The Australian Renewable Energy Agency (ARENA) has awarded $2.6 million in funding to Horizon Power to build Australia’s first remote microgrid using renewable hydrogen generation in Denham, Western Australia.
ARENA CEO Darren Miller said the project will be a first-of-its-kind demonstration that will utilise solar and renewable hydrogen generation and storage to provide 526 MWh per annum of dispatchable renewable electricity, enough to power 100 residential homes.
“Remote and off-grid communities like Denham suffer from high energy costs due to costly diesel-based energy generation systems,” Mr Miller said.
“The potential for these communities to generate, store and use their own renewable energy could simultaneously reduce costs and reduce emissions without sacrificing the reliability of energy supply.
The project – which is also supported by the WA Government with a further $5.7 million in funding – will see Horizon Power build the hybrid solar and hydrogen power system at Denham due to the close proximity to quality wind and solar resources, availability of land, access to water and the need to find a solution to replace the current ageing diesel power station.
The plant will consist of a 348 kW hydrogen electrolyser with accompanying compression and storage and 100 kW fuel cell, alongside 704 kW of solar that will power the electrolyser to produce hydrogen for storage which can later be used in the fuel cell to deliver electricity when it is needed.
Minister for Energy and Emissions Reduction Angus Taylor said the landmark Denham hydrogen will place regional Western Australia at the cutting edge of hydrogen application.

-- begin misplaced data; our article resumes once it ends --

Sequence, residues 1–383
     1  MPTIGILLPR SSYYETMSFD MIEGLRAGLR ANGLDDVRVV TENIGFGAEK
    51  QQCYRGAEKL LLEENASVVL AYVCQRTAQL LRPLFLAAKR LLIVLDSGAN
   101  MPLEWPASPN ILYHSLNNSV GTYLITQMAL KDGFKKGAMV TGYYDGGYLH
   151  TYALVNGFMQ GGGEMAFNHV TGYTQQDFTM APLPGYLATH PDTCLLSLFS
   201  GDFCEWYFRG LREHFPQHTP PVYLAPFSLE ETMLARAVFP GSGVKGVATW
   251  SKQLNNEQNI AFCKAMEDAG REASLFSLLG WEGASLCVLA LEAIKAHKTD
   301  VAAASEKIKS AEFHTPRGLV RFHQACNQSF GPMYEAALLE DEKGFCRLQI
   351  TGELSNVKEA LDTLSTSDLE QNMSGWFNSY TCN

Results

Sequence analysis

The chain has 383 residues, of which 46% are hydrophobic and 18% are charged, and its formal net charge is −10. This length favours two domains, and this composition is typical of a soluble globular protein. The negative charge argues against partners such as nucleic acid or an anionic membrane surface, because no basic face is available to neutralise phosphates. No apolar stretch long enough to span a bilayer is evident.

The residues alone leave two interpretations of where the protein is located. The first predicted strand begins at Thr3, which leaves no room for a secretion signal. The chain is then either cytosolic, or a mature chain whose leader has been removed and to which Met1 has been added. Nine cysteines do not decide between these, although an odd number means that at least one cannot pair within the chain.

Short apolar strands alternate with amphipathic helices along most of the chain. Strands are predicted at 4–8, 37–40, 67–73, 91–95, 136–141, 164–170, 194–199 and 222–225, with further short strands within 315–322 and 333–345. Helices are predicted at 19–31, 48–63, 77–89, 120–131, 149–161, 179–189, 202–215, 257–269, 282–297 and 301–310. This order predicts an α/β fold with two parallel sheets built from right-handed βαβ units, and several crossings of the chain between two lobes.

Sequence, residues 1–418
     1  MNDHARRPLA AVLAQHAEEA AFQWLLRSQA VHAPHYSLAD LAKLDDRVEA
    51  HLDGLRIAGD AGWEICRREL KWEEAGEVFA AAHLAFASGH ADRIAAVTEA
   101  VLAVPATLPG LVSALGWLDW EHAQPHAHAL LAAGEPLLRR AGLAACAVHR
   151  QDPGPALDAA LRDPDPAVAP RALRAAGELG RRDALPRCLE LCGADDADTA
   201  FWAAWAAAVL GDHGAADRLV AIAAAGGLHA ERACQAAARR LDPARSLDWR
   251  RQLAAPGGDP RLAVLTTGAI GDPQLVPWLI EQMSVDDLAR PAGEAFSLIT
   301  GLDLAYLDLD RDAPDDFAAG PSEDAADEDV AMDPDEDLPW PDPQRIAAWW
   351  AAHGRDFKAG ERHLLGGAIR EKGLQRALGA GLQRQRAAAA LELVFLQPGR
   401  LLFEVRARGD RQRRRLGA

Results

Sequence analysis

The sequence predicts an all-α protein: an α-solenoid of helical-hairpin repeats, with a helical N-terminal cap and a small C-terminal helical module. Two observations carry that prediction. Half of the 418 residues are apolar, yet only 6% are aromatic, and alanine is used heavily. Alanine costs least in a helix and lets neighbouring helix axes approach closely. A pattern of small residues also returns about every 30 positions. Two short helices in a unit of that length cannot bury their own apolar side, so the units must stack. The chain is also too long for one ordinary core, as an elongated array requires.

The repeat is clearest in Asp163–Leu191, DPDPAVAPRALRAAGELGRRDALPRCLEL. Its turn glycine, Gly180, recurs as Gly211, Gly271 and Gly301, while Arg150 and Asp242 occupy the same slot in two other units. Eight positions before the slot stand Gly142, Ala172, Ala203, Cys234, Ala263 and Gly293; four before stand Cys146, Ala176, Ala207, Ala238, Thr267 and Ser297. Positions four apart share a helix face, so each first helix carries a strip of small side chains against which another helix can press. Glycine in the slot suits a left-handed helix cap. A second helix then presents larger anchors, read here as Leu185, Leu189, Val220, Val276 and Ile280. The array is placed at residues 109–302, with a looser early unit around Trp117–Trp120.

“The outcomes of this project will not only help to advance hydrogen developments across Australia, but will help keep the lights on for a remote community,” Minister Taylor said.
“Prioritising hydrogen under the Technology Investment Roadmap and backing projects like this will teach us more about how hydrogen can form part of Australia’s energy mix to drive down prices and reduce emissions.
“Importantly, this funding will provide reliable and affordable energy solutions to remote and indigenous communities, supporting economic development, local jobs and reducing disadvantage for households.”
Horizon Power CEO Stephanie Unwin said the project will extend the company’s knowledge and technical capability of hydrogen operating systems and test how to integrate and deploy this technology into remote diesel microgrids, common across regional WA.
“This plant will demonstrate how hydrogen can reliably produce dispatchable power for our towns currently dependent on diesel fuel power systems and allow us to transition our network away from higher emission generating sources and meet our target of no new diesel generation systems from 2025,” Ms Unwin said.
“This technology has the potential to be an environmental game changer for many remote towns in Western Australia and other similar locations around Australia, and allow greater uptake of reliable cleaner, greener renewable energy sources in the future.”
According to Horizon, construction will start August 2021, with commissioning to commence in December the same year.